And the Preakness ends with a photo finish!! I’m so excited for my thoroughbred friend and potential Triple-Crown winner…it just so happens that “I’ll Have Another” is one of my most frequently used phrases (you all know my affection for confections)! Being in the spotlight can put a lot of pressure on my equine friends, and just like humans, horses can get stressed out too.
For you, my loyal readers, stress is probably highest when preparing to take your final exams or a big sports competition. Sources of stress amongst horses can be anything, including trailering and traveling, showing, poor nutrition, feeding at irregular times, changes in other routines, environmental toxins, interactions within their social environment, variations in climate, and illness. Each horse handles stress differently too, mostly depending on personality. For example a demonstrative, confident horse will let you know when it is stressed; they are usually very curious and are typically the “troublemakers”. They may buck, kick, bite, pin its ears, or swish its tail in response to a stressful stimulus. On the other hoof, a passive, confident horse is not normally stressed, but may show very little change in attitude when it is. To give you a better idea, horses with this demeanor are usually the last ones in the field to take off running if something spooks them. On the other end of the spectrum are demonstrative, fearful horses who are easily stressed and seem to worry about everything; they are also the first to shy at something spooky and need time to relax afterwards. Passive, fearful horses are opposite in that they are just as easily stressed, but will not show it until pushed to the limit; they are very willing, but will tighten muscles and/or tremble when stressed, for example.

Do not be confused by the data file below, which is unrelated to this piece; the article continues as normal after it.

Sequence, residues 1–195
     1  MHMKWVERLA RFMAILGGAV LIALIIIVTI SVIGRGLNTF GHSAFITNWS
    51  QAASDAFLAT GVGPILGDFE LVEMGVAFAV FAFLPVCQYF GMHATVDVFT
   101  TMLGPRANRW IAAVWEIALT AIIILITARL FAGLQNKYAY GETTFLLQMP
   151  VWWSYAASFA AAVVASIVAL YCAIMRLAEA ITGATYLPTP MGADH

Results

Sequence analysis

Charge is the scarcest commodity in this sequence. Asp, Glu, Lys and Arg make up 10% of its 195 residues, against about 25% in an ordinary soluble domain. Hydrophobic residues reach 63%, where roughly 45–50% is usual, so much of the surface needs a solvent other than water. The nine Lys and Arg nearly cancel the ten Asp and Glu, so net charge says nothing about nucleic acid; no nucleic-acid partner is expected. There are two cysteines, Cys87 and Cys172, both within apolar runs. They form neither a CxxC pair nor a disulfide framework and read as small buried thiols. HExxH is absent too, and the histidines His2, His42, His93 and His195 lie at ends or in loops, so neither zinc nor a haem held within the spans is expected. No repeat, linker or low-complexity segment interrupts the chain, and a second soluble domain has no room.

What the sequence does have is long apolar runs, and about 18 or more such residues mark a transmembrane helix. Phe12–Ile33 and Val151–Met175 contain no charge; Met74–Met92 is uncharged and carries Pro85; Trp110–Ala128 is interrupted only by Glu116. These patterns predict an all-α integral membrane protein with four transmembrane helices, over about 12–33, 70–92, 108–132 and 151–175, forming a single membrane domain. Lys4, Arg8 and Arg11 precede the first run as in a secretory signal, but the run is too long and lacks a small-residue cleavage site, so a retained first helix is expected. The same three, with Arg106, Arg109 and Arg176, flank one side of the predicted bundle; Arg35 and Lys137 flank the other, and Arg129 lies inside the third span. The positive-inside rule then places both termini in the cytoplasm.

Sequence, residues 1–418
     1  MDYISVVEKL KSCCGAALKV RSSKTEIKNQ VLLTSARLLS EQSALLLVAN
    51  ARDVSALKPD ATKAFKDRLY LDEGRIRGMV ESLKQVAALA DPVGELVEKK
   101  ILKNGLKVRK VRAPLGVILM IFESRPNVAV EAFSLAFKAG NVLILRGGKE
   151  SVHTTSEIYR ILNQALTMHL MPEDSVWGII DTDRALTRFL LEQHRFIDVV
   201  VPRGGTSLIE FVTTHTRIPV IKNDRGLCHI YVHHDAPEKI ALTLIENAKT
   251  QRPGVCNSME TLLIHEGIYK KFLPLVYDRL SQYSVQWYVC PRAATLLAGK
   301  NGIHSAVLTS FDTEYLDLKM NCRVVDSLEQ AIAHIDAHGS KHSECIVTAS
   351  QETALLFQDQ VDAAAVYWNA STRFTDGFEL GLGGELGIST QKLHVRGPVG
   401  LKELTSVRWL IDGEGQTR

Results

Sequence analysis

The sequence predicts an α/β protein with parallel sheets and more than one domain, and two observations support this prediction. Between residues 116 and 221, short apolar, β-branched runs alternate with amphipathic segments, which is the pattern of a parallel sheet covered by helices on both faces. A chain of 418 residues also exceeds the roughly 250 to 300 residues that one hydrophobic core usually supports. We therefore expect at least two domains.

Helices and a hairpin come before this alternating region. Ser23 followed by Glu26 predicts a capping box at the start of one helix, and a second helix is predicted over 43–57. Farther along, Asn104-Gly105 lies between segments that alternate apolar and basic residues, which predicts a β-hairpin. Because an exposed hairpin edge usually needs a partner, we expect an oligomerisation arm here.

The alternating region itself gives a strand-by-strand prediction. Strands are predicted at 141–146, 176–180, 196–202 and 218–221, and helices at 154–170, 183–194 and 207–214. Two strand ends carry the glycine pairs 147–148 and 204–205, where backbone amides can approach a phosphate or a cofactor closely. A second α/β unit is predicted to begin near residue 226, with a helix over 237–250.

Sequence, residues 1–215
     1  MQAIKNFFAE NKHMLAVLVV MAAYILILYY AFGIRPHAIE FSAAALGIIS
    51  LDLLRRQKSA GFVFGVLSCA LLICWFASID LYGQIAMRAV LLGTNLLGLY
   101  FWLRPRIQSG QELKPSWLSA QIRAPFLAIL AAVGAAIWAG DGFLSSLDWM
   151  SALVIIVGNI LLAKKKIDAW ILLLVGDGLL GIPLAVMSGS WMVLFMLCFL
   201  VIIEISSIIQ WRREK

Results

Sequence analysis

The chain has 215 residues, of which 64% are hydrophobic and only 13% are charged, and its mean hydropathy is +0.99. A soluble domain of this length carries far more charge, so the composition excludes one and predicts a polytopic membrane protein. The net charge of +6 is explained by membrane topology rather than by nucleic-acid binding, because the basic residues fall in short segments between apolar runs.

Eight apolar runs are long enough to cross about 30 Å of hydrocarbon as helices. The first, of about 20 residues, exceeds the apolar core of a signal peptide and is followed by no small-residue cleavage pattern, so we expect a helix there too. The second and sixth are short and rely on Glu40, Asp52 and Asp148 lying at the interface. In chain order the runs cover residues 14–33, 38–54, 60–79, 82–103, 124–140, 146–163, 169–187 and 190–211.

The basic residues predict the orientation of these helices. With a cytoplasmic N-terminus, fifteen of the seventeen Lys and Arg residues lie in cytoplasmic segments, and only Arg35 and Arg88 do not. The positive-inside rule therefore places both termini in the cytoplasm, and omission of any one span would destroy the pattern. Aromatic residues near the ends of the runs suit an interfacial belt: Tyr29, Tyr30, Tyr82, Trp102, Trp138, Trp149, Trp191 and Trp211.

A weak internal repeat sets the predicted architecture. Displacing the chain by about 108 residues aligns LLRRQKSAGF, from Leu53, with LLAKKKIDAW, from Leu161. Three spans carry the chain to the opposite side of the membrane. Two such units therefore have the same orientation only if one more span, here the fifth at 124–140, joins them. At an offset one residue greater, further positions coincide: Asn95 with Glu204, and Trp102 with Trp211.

Fortunately, there are many ways to manage and reduce stress in you equine friends. Here are a few:
- Keep horses turned out as much as possible.
- Stick to a routine but if you need to make changes, do so slowly.
- Feed a well-balanced diet.
- Provide regular, varied exercise.
- Avoid riding in extreme weather conditions.
- Prevent boredom by providing toys and encouraging social activity.
Spending time with horses is a great way to reduce your own stress, so it’s important that you keep yourself healthy and happy as well! For more information on the different types of stress, visit the Equine Science Center’s stress factsheet here!